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Football Player of the Week: Chestatee's Scott Chewning
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Eric Barr, Buford: Had an interception and two defensive touchdowns in a win over Westminster.

Austin Brown, Flowery Branch: Threw for four touchdowns and 316 yards in a win over Apalachee.

Quan Clark, Chestatee: Had 189 yards of total offense and three touchdowns in a win over Johnson.

Jeremy Haley, Flowery Branch: Ran for 198 yards and two touchdowns on 25 carries in a win over Apalachee.

Dillon Lee, Buford: Had eight tackles (five solo) a sack and two interceptions in a win over Westminster.

Ashely Lowery, White County: Ran for 121 yards and three touchdowns on 16 carries in a win over West Hall.

Casey Osborne, Flowery Branch: Had 163 yards and three touchdowns receiving in a win over Apalachee.

Dre Pou, West Hall: Had 111 yards and two touchdowns of total offense in a loss to White County.

Bryant Sherrifs, Jefferson: Threw for 162 yards and two touchdowns on 11-for-17 passing while adding 12 yards and two touchdowns on four rushes in a win over Dawson County.

Jamond Witt, East Hall: Had 151 yards and one touchdown on 12 carries and 11 yards on two catches in a loss to Elbert County.

Sometimes 4 yards can make all the difference.

During the past few seasons, the Chestatee High football team has been a squad focused on running the ball and playing aggressive defense.

The 2010 version of the War Eagles still abides by that philosophy, they’ve just added one wrinkle: move quarterback Scott Chewning into the shotgun.

“We’re running the same offense that we’ve always run, we’re just running it out of the shotgun,” coach Stan Luttrell said.
“It’s been productive for us so far. It’s still option football, we’re just doing it from 4 yards deeper.”

While the positive effects of the move took a few weeks to show, they were on obvious display in a 49-13 victory over Johnson at Billy Ellis Memorial Stadium on Friday night.

Chewning only attempted 11 passes in the game, all in the first half, but connected on seven of them for 214 yards and three touchdowns.

He set up another score with a 24-yard scramble down to the 3. The senior quarterback’s touchdown passes went to Alex Moore (9 yards), Clark (75 yards) and Pearce Gruenenfelder (84 yards).

For his performance, Chewning is The Times Football Player of the Week.

“Everything just clicked like it’s supposed to,” Chewning said of the game. “When everybody does their job it makes things easy for me. And everybody did a great job Friday night.”

While the Clark and Gruenenfelder touchdowns both covered more than 75 yards, the passes themselves were short throws near the line of scrimmage. Chewning said he simply “got the ball in the hands of the playmakers and they made plays.”

Getting the ball into the hands of those most likely to put points on the board is the hallmark of the option offense. Whether it is the player who has the most talent or the player in the best position to penetrate the defense, option football is about assessing the defense and  making decisions; two things Chewning believes he can do better from the shotgun.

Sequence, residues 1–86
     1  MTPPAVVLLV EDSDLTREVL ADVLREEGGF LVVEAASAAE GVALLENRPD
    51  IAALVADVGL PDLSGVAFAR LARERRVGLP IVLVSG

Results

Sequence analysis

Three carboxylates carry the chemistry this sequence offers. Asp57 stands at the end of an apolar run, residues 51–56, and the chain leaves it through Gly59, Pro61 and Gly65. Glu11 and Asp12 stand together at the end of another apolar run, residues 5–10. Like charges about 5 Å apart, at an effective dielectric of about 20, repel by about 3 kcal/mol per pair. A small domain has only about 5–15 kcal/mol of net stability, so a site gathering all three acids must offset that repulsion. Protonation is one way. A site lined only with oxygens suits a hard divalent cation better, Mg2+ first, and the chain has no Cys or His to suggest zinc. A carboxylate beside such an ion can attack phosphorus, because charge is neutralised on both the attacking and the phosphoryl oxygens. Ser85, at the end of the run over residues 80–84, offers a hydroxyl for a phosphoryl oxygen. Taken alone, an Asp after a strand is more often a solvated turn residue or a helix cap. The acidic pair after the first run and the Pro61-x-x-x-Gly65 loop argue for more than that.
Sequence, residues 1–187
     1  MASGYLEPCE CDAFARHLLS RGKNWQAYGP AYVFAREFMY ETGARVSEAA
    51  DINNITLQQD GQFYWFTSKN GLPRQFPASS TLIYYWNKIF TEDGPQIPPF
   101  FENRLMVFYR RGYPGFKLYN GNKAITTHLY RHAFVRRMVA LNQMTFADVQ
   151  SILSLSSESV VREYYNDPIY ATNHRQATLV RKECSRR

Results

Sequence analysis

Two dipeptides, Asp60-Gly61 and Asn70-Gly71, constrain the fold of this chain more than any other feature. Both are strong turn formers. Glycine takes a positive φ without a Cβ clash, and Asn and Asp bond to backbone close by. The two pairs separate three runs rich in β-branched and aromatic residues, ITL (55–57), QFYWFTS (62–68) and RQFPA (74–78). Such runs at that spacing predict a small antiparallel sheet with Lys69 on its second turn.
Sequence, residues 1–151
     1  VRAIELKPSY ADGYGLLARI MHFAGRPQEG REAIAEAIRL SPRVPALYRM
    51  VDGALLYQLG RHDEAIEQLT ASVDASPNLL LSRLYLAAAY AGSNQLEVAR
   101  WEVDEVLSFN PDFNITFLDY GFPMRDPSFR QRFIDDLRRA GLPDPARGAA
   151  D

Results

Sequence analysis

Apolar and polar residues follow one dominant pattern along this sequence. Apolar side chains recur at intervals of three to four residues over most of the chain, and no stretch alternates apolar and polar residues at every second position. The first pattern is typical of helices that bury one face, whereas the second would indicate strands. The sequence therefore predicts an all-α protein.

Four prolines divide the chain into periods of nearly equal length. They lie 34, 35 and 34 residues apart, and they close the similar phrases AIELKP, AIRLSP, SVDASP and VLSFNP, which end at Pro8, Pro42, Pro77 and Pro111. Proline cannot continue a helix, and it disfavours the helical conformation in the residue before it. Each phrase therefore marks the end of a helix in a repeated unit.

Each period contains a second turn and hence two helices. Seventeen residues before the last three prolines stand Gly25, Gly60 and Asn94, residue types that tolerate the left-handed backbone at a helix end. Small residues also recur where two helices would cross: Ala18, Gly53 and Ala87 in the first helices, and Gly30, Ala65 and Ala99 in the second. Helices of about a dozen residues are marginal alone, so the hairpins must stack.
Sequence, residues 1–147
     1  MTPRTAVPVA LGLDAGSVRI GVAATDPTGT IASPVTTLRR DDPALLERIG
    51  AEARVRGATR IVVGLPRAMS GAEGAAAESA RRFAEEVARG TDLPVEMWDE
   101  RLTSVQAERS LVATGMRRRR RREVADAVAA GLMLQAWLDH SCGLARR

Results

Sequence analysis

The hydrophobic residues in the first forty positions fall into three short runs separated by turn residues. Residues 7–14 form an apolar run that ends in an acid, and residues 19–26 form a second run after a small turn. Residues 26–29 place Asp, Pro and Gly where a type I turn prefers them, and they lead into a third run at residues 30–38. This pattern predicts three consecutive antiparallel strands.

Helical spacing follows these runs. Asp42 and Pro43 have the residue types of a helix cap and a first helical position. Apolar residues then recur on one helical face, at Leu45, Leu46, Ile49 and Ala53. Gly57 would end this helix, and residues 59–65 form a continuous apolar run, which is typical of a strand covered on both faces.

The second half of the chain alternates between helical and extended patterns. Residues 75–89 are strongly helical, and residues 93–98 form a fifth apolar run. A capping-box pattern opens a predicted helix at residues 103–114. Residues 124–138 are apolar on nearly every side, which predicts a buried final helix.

“I kind of like, from a throwing standpoint, being in the shotgun. It kind of gives me a little more time to see the defense and to make better decisions,” the senior said. “Under center, the only advantage is not having to worry about catching the ball.”

Luttrell puts some of the credit for making the change to shotgun on the talents of Chewning.

“It’s a big key for us to be able to do that,” Luttrell said. “Scott has been a quarterback his whole life, from what I know, and he’s a natural leader. His ability to run the option as well as throw the ball has definitely contributed to the decision to run the shotgun.”

But Luttrell also points out that putting Chewning in the shotgun has something to do with the position players that the War Eagles have.

Or in this case, don’t have.

“In the past, we’ve always had a kid that could play tight end. And the past couple of years we’ve had to make a linebacker or an offensive tackle play tight end because we really didn’t have a prototype tight end,” Luttrell said.

What the War Eagles do have is an abundance of experience and leadership at the wide receiver position in seniors Moore, Brice Beck and Gruenenfelder.

To compensate for not having a true tight end, Luttrell moved Chewning into the shotgun. The move allows the receivers more time to get open and puts Chewning back between the two running backs featured in Luttrell’s split-back option.
Luttrell said the possibilities with three runners in the backfield and more time for route development had a lot to do with making the decision to move Chewning back 4 yards.

“We had the three seniors all coming back and we really felt like it would open some doors by really spreading the field out,” Luttrell said. “We thought it would help us to run the option as well as throw the ball a little better, a little more effectively.

“And that’s what we’ve been able to do so far.”

Chestatee (1-1, 0-0 8A-AAA) will play at Dawson County (0-3, 0-0 8A-AA)  at 7:30 p.m. Friday.

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